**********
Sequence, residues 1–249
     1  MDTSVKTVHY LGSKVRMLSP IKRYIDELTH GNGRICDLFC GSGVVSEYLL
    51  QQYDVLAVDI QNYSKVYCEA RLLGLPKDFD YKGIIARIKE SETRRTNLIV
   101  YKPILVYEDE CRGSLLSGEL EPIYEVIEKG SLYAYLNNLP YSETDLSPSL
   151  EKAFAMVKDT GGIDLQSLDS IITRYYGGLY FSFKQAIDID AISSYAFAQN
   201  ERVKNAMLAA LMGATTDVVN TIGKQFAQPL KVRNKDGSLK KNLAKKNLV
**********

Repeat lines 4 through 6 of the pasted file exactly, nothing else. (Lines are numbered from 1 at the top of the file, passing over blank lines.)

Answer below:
   101  YKPILVYEDE CRGSLLSGEL EPIYEVIEKG SLYAYLNNLP YSETDLSPSL
   151  EKAFAMVKDT GGIDLQSLDS IITRYYGGLY FSFKQAIDID AISSYAFAQN
   201  ERVKNAMLAA LMGATTDVVN TIGKQFAQPL KVRNKDGSLK KNLAKKNLV